return to home page

Melancton Smith
Member of the Continental Congress 1785-1787

“A representative body, composed principally of
respectable yeomanry, is the best possible security to liberty.
When the interest of this part of the community is pursued,
the public good is pursued, because the body of every nation consists of this class, and because the interest of both the rich
and the poor are involved in that of the middling class.”

Melancton Smith, born in Jamaica, L. I., on May 7, 1744, was educated at home then settled in business in Poughkeepsie, New York.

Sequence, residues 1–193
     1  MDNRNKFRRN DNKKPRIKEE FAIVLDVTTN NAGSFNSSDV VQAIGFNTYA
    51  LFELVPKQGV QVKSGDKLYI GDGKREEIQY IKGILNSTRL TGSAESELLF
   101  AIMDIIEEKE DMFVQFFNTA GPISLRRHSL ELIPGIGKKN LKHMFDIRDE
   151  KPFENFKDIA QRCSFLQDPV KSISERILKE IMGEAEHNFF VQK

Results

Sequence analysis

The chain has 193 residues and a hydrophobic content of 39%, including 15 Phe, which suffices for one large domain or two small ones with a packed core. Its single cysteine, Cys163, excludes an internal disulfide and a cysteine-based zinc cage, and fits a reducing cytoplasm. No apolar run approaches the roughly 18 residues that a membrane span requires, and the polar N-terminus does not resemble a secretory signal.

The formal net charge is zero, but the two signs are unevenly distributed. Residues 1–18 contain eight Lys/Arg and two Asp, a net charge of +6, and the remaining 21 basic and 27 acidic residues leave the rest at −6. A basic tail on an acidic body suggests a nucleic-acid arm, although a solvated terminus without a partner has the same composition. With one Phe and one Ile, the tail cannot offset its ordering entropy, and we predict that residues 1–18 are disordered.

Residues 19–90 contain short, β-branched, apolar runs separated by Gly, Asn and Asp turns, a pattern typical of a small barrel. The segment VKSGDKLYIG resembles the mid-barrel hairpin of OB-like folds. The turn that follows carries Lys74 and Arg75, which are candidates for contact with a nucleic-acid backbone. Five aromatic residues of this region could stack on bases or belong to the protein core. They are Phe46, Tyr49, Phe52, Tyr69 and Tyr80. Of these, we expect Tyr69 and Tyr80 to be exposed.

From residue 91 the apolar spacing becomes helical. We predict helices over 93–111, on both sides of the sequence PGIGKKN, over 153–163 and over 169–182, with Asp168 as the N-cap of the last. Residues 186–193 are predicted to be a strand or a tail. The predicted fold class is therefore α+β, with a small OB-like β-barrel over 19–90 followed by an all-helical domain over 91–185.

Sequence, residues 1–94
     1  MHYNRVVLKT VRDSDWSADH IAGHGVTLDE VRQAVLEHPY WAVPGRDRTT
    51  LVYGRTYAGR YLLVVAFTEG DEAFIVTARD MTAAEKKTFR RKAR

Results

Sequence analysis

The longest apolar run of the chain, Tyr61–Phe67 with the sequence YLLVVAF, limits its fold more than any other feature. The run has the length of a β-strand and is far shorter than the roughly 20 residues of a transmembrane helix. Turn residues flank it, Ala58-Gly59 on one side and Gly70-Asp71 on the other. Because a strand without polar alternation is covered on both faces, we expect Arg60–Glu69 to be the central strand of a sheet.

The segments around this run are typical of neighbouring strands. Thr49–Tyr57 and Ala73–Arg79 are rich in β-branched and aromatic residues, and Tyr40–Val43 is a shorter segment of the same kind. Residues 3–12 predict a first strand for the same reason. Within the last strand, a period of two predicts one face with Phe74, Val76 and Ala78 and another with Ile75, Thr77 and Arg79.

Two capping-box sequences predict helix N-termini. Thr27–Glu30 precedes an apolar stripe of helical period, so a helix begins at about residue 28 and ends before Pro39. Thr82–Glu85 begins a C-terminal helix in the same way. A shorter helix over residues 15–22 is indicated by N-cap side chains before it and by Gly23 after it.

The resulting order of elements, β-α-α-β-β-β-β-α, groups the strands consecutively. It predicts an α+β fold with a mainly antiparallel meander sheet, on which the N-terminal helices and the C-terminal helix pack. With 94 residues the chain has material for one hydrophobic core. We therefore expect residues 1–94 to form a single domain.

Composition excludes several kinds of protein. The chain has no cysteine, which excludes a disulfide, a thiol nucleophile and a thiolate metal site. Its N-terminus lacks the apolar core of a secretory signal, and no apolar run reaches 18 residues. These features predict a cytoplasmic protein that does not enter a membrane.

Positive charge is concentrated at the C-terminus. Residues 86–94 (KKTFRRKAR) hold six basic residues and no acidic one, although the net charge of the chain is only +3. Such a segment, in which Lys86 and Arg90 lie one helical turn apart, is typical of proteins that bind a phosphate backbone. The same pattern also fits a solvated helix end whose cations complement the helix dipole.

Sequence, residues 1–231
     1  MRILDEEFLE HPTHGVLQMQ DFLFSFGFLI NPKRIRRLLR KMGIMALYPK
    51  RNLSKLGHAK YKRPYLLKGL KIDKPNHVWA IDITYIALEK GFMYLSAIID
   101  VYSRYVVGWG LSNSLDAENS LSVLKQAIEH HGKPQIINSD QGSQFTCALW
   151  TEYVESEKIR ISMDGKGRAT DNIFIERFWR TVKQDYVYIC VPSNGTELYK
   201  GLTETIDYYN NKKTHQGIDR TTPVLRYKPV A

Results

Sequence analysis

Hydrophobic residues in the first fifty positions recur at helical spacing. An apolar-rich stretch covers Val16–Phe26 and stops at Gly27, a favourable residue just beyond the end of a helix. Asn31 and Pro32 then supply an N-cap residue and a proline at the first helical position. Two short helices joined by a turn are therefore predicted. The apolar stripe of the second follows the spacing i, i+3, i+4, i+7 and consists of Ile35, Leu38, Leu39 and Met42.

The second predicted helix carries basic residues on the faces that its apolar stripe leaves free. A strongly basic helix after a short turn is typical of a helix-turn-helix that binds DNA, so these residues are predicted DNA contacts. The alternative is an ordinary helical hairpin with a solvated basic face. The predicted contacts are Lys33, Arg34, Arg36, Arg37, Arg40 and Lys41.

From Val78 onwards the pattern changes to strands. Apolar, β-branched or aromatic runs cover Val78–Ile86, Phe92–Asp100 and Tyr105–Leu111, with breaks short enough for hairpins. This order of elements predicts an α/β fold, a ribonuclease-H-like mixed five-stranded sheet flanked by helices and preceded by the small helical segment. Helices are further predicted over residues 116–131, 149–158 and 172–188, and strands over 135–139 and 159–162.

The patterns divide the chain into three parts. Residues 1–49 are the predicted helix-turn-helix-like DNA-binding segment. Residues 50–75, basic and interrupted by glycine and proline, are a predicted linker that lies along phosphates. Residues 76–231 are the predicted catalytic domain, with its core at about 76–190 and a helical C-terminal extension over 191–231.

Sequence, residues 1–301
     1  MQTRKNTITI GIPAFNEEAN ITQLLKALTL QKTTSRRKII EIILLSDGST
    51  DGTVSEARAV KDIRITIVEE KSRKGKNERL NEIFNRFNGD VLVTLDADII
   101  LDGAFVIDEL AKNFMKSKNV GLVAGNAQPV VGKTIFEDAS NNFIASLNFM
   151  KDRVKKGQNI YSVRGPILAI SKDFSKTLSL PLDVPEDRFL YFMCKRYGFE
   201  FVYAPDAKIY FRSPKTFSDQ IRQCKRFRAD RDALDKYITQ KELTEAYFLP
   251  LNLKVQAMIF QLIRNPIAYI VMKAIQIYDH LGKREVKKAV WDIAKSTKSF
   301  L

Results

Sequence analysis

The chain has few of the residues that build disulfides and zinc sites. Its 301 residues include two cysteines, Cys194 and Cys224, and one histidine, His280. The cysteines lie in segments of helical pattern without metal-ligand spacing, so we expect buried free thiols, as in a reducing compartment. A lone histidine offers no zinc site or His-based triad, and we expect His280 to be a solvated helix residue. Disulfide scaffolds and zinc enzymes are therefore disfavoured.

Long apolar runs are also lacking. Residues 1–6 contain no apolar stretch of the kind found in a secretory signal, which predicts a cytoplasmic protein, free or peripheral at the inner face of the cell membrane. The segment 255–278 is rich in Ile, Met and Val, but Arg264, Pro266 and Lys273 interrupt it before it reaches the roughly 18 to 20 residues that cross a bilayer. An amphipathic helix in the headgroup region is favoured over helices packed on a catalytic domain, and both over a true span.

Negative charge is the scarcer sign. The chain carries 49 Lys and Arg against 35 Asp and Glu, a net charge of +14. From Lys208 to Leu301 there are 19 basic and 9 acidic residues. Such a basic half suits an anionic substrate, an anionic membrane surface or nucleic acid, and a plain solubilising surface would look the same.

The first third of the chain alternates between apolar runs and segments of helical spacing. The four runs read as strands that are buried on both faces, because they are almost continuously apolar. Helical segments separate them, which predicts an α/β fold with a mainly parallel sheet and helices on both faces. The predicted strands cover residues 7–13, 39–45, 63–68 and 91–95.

He was a delegate to the First Provincial Congress in New York, May 22, 1775; served in the Continental Line Regiment which was organized June 30, 1775; organized and became captain of the Dutchess County Minutemen; secret service commissioner and sheriff of Dutchess County, N.Y., in 1777 and 1778; moved to New York City in 1785 and engaged in mercantile pursuits; Member of the Continental Congress 1785-1787; member of the state ratification convention at Poughkeepsie in 1788; served in the state assembly in 1791; died in New York City July 29, 1798; interment in Jamaica Cemetery, Jamaica, Queens County, N.Y.
Created: 16May2005
Web Pamphlet